Thomas J. Story
Plants viewed from the drive-way include ‘Hot Lips’ salvia and ‘Cl. Cécile Brünner’ rose.
“The water I use now is probably less than a third of what I once used for the lawn. I go out there three times a year to prune and shape plants” –Roberta Walker
Choose the right plants
Drought-tolerant evergreens ― chosen for color, texture, and lushness ― fill the garden. They include dwarf agave, Artemisia ‘Powis Castle’, coreopsis, lavender, nandina, rosemary, santolina, and yucca.
Layer plants on berms
To plant the berms, Walker arranged low-growing varieties at the base and tallest ones at the top so that all plants are in view. She groups them to give a sense of mass, mixes them for textural contrasts, and staggers them for a more natural effect.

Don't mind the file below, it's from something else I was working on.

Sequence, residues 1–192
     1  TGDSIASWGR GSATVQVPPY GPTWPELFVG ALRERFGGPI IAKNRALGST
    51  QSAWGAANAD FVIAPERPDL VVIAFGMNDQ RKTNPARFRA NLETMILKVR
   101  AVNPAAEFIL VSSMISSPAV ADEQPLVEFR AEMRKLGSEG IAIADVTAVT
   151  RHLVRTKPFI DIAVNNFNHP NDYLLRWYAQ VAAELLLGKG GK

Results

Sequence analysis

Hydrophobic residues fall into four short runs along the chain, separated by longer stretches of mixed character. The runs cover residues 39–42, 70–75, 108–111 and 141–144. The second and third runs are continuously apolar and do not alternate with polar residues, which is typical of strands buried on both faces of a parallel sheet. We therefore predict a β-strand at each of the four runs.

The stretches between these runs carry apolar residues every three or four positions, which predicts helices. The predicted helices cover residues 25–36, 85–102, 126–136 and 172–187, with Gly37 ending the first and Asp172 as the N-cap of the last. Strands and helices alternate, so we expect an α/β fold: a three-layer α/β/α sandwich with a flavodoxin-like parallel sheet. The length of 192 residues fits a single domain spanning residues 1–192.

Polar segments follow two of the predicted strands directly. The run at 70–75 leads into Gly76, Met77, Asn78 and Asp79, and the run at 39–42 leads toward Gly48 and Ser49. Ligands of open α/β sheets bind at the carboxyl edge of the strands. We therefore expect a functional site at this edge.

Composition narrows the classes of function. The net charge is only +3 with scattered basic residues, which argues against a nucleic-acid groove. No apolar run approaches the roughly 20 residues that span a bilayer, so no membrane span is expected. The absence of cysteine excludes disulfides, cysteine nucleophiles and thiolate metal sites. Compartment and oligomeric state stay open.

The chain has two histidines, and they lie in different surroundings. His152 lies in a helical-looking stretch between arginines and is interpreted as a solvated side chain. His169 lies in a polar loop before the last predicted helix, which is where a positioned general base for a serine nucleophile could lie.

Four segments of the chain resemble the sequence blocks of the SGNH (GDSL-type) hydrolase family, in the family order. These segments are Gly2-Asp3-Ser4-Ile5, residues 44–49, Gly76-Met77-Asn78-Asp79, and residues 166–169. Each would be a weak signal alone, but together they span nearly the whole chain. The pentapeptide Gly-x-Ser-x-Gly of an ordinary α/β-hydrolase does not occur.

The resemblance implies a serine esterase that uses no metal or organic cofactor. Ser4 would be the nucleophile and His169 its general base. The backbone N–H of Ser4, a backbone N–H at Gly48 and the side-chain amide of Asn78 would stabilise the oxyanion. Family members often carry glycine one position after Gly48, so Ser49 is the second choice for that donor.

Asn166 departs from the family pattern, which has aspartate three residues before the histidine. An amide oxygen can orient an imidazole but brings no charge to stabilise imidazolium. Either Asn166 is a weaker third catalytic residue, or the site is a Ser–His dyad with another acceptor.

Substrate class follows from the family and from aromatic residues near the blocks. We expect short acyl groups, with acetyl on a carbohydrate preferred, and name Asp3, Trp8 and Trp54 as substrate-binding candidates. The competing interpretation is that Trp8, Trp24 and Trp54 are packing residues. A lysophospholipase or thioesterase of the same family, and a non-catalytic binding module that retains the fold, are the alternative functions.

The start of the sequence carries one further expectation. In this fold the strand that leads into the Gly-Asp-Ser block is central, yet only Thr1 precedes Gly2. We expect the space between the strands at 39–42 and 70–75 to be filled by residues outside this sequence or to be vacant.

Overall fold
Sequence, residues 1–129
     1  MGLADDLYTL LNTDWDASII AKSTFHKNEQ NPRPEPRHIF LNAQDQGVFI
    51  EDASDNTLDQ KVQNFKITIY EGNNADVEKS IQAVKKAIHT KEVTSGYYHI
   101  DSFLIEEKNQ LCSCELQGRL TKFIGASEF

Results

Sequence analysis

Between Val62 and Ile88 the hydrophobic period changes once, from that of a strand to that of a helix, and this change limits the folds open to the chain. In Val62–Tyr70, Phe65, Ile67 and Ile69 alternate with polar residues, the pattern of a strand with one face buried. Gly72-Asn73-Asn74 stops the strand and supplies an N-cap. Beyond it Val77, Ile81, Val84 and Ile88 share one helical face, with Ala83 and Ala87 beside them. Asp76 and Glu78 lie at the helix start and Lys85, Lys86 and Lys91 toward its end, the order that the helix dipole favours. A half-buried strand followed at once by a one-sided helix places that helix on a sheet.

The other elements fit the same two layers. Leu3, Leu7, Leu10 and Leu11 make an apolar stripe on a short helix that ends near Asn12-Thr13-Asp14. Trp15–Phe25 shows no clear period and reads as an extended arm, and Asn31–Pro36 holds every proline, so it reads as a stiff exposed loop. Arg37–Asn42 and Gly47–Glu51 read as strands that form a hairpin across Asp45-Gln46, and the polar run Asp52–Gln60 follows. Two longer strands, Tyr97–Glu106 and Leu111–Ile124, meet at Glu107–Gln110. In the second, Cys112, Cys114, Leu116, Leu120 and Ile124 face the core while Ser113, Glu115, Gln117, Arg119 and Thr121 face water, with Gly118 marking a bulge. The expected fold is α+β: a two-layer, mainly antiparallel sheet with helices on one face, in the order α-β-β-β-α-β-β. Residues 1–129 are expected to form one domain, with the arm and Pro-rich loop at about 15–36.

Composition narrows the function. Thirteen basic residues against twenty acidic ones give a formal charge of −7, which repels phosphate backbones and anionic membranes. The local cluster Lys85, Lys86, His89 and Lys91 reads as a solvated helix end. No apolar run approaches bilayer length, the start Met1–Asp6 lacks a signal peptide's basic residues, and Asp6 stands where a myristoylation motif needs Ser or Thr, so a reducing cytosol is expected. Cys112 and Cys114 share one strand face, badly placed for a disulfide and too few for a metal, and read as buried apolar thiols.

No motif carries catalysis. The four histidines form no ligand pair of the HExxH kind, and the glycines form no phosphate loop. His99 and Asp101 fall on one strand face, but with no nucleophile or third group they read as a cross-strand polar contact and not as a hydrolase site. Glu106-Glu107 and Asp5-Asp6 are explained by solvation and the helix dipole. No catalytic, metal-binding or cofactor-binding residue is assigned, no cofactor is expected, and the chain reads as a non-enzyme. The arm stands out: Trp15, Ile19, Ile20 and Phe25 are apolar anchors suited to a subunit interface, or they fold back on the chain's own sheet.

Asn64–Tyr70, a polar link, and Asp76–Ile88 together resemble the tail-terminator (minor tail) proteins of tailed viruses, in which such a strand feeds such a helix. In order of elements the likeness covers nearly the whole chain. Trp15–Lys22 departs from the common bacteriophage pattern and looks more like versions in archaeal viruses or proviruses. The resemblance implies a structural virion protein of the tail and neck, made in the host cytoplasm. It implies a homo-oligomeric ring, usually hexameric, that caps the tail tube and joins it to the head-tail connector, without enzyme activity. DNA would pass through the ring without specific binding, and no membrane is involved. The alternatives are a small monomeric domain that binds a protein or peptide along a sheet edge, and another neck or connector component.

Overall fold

Give them space
Walker’s plants grow in well-spaced clusters, allowing their natural forms to shine. Her advice: Read plant tags. Match plants’ mature sizes with the area you’re filling so you won’t have to prune them into submission. “If you plant for the right space, you won’t be fighting your plants,” she says.
Include permeable paving
Flagstone paths curve from the street and the driveway to the front door. To give the flat ground more interesting topography, Walker built a low berm of soil on either side of the main walkway. Between the paths and the berms, she laid down weed cloth and topped it with permeable pea gravel so excess water can soak into the earth rather than run off into the street.
Design: Roberta Walker Landscape Design, Sacramento (916/485-4769)